Today I went to have a rustproof coating put on my car because I scratched the paint off on my way out one day. Joginder, the sardar car mechanic said he would take care of it and when I asked him what he would do, he said, “How will I explain to you?” When I asked if he could rustproof it without painting it, he scoffed at the suggestion and told me to go home and find some nail polish to match the car and paint over the rust myself. But when I said that I had no idea about any of this and that the car was my father’s and my father was insisting on not painting it (he thinks we should do all my future dents and paint jobs at once), he became much more cooperative and offered to apply a clear rustproof coating.
With the arrival of 200 boxes of my parents’ baggage, I am now swimming in fish sauce, canned palm hearts and teeny tiny hotel toiletries, which seem to make up the bulk of my parents’ possessions.
I’ve always laughed at my mother’s various orders any time my sister and I have come to visit her in India – tea bags! – or other places, but it’s true that there are some things, or lack thereof, about living in a place that you only discover when you run a household.
There are a lot of hidden costs, for one thing, which for want of another name I’ll call taxes since many of them pay for goods one would expect to be provided for by the government. The two main ones are an inverter and a water filter. An inverter is a column-like appliance, which provides back up electricity when the power goes, as it does most days. The water filter, called an Aquaguard after the most popular brand, is hooked up to the tap and allows you to dispense with the tedious task of boiling water for twenty minutes and then cooling it so that it is potable. Unfortunately, it can’t do anything about the taste of our water, which is a bit stale since it sits in tanks where it is stored in the few hours of the day when water is actually running. The start up cost of acquiring these two items is about Rs. 35,000 or close to $1,000.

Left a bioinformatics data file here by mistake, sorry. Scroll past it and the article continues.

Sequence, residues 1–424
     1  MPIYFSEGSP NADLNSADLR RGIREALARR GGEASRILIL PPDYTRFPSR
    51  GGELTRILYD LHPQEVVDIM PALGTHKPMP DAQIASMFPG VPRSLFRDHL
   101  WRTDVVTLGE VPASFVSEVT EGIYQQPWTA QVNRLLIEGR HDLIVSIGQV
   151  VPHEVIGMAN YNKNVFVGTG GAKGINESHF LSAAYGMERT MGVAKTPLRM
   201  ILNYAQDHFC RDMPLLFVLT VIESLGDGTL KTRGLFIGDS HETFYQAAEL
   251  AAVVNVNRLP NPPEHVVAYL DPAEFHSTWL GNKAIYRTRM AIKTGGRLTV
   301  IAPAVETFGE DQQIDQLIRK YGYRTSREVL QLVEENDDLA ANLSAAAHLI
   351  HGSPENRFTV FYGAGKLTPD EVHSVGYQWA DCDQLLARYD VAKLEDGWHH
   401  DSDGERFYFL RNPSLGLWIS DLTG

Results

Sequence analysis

the cultural significance of beds
The other big lifestyle change for me is that from having my very own queen-sized bed, I am now sleeping in what seems to me an extraordinarily small cot. It is 6-feet long, which is standard in India, but my old bed was 6’8,” which I think is standard in the United States. My mother says these extra-large American beds are a sign of how Americans just want to consume and become larger and larger and take up more space in the world, starting with their beds. She thinks everyone should be happy with a 6-foot bed. I don’t know about all that, but personally, I feel my cot is a marker of how I am regressing in my (social) life.
I was sharing a room for a few weeks with an 18-year-old model (female) who invited me to the graduation ceremony of the modeling school she was attending, where was learning to catwalk, dance and speak in public.
I was very delighted to attend the program, since I'm always reading about models here -- if someone isn't in IT these days, then they're likely to be a model. The show consisted of a salsa performance, a short play about arranged romance that included a spoof of the Indian version of “Who Wants to Be a Millionaire” and three ramp sequences.
I went with my 8-year-old cousin who liked the play, because it had a fight sequence.
To see a video of the dance performance, click here.